Sanitation officials warned this week that trash bills for west Ventura County residents could jump from current average rates of about $10 to as high as $50 per month unless a massive Oxnard landfill is allowed to reopen next year.
The Ventura Regional Sanitation District is in a pickle because a state water agency recently indicated that it may block the district from opening Bailard Landfill--which has been closed since 1975--because of fears that it might contaminate underground water. The other large dump in the western part of the county, the district-run Coastal Landfill, is due to close in March, 1988.
At a sanitation district meeting last week, Assistant General Manager David R. Burkhart unveiled a list of possible alternatives to reopening Bailard--all of which he said translated to "drastic rate increases" for dump haulers and consequently for west county residents.
"It is clear that some extraordinary gate-fee adjustments will be necessary if the use of Bailard isn't permitted," Burkhart told the board.
Boost in Tipping Fees
One scenario calls for the district to raise the tipping fee, the rate that landfill operators charge waste haulers, from $14.50 per ton to $148 per ton. Another would keep Coastal open until September, 1988, by placing trash in a ditch along the dump's eastern edge and raise tipping fees to $60 per ton.
A third option calls for a rate increase to $28 per ton plus a $24.5-million bond issue to finance future operations. Burkhart said he is not sure whether the district can interest investors in such bonds.
The district did not raise fees at last week's meeting and instead voted to make an all-out effort to convince the state Regional Water Quality Control Board that reopening Bailard Landfill would have no negative effect on water quality.
The water board's decision on that issue is expected at its Jan. 25 meeting.
'We're Very Concerned'
Waste experts say that even the mildest increase proposed by the sanitation district staff would raise monthly trash bills 20% for residents of Ventura, Oxnard, Port Hueneme, Camarillo, Somis and Ojai--the communities now served by Coastal Landfill.
"We're very concerned," said Ruben Mesa, general supervisor of Oxnard's refuse division. Oxnard residents now pay under $8 per month for municipal trash disposal, and Oxnard officials estimate that costs would increase to between $10 and $53 per month if the district raises tipping fees.
Officials at E. J. Harrison & Sons Inc., the county's largest private trash hauler, declined to comment until the district takes action.
Trash disposal has become an issue in the last few months as officials from the cities, county and sanitation district clash on the best way to dispose of the area's growing refuse.
Last month, the Regional Water Quality Control Board asked its staff to draw up a preliminary order rescinding the permit needed to operate Bailard because of concern over underground water supplies. Bailard sits on the Santa Clara River bed, over aquifers that supply drinking water to Oxnard residents, and board members fear that the dump could contaminate those sources.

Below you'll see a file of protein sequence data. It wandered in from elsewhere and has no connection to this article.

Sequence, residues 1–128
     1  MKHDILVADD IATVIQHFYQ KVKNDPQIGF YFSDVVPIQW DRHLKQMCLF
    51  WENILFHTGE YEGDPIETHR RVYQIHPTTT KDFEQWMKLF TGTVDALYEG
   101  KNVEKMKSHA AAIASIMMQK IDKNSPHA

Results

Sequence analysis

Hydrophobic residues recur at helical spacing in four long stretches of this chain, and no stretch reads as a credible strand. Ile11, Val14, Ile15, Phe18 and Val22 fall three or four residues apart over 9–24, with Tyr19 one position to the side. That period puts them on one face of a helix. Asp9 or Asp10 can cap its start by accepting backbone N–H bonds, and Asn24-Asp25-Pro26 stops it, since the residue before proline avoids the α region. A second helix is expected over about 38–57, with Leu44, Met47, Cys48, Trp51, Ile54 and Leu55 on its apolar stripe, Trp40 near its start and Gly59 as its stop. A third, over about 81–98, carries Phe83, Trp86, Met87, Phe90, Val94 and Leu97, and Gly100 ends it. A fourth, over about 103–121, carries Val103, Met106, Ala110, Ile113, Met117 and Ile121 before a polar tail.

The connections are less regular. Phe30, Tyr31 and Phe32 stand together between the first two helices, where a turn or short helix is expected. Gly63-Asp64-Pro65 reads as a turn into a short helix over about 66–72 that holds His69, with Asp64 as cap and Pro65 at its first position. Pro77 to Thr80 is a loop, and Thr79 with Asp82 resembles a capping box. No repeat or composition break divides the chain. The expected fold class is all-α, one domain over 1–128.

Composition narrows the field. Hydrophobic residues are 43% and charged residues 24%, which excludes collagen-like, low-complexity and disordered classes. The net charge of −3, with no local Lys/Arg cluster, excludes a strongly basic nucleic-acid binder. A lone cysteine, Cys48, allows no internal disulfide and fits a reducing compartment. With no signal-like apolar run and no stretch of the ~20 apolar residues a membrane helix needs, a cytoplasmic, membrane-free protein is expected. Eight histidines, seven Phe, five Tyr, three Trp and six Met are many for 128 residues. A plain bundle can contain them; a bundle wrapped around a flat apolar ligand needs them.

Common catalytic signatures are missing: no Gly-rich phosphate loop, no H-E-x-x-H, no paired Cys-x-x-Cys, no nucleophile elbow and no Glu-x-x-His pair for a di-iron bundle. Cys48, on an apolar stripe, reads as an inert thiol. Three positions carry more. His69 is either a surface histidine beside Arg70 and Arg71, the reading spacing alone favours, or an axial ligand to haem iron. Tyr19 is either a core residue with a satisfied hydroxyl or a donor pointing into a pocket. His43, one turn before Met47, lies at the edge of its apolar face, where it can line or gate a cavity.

District officials maintain that there is no pollution threat and have asked their engineers and technical experts to work with county officials to gather evidence to that effect.
But some county solid-waste employees say that reopening the Bailard dump may indeed pose an eventual environmental threat. Kay Martin, manager of Ventura County's Solid Waste Division, said pollutants from the dump may leach into aquifers in times of drought and have already polluted some untapped underground water just beneath the surface.
Regardless of whether Bailard is allowed to reopen, the thorny question remains as to who must eventually spend the $20 million it will take to seal and properly shut it down, the sanitation district or the dump's owner.
From 1962 to 1975, the Bailard family leased the landfill to a private operator who ran it as a municipal dump. After the operator shut it down in 1975 because he racked up numerous environmental violations, Bailard went unused, covered by only a thin layer of dirt, unfenced and open to the elements.
In 1978, the sanitation district entered into an agreement with the Bailard family to open and operate the dump and then shut it down in an environmentally safe manner when full.
This would include placing several feet of dirt fill above the landfill, capping it with a clay surface and building a hill with a 3% grade to encourage water runoff and prevent pools of water from leaching into the landfill.
District officials say it is unclear whether they are legally obliged to complete this work if Bailard is not allowed to reopen. A spokesman for the dump's owner, the Bailard family trust, could not be reached for comment.
But district officials point out that in good faith, they have already spent about $2 million to grade parts of the landfill, monitor for gas and water seepage, cover the dump with trucked-in dirt and build a levee that should keep the Santa Clara River from flooding the site in case of heavy winter storms.